CANNON AIR FORCE BASE, N.M. --
The 310th Special Operations Squadron, previously the 27th Special Operations Group Detachment 1, was officially activated here May 4, 2021.
The 310 SOS, a U-28A Draco aircraft squadron, is the first manifestation of the four-squadron per aircraft-type concept. This concept is intended to allow more time for Airmen to be at home station between deployments.
“With four units, it allows us a sense of predictability and sustainability,” said Lt. Col. Joshua Stinson, 310 SOS commander. “It also gives us appropriate time at home to train and prepare for the next deployment. We can develop our Air Commandos, get them thinking about both counterterrorism operations and other competition challenges.”
The squadron’s capabilities will provide Air Force Special Operations Command with specialized intelligence, surveillance, and reconnaissance in deployed environments, giving Airmen a unique edge over competition.
“Our capabilities allow us to deliver ISR, command and control, and strike support for conventional and special operations forces,” Stinson said. “Our impact is providing these three specialized airpower effects to counter terrorism as well as deterrent powers, wherever combatant commanders need our assistance in support of strategic objectives.”
Lt. Gen. Jim Slife, AFSOC commander, has prioritized an investment in the human capital of special operations. This guidance provides the 310 SOS with a goal to strive for as they establish themselves as a squadron.
“My biggest focus is developing and sustaining professional Air Commandos,” Stinson said. “I genuinely believe that Air Commandos offer something unique to the nation. It’s a kind of duality between airmen and special operator that is encapsulated in what it means to be an Air Commando. The development of a professional Air Commando community is what I hope to achieve with the squadron. In doing so, I’m confident that the men and women of the 310 SOS will get after our mission.”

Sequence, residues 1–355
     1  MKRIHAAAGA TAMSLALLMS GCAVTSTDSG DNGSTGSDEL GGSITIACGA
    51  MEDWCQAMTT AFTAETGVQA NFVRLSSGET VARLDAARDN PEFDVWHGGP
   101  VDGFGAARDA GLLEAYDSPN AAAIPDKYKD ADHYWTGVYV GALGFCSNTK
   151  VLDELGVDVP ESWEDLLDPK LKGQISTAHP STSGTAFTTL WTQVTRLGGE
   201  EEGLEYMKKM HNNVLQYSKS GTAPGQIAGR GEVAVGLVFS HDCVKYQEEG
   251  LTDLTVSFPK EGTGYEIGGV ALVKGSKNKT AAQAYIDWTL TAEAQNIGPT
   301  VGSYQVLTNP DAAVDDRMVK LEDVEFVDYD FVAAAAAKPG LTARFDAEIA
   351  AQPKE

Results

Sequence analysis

The 310 SOS was activated to align with AFSOC’s new deployment plans, providing a more sustainable and predictable deployment cycle to allow Air Commandos more time at home station to develop themselves and the culture of the squadron, ultimately leading to more strategic impacts downrange.
“This is one of the most exciting times in history to be in AFSOC,” Stinson said. “Not just for the 310 SOS or the U-28 community. All of AFSOC. We’re at the top of our game, and we’re really good at what we do. We’re at a transitory point where we’ve got to continue to be good at countering terrorism while evolving to be excellent at competing and shaping in competition. So I’d offer that every Air Commando across the AFSOC enterprise be proud of what we’ve done and what we’ve accomplished. But at the same time, embrace the challenge of what we need to get after and what we need to accomplish. Ultimately, that’s what our nation needs us to do. I see the 310 SOS as just the beginning. As more Air Commandos transition to the four cycle force presentation model, I know we can all learn from each other, and ultimately transform the entire AFSOC enterprise.”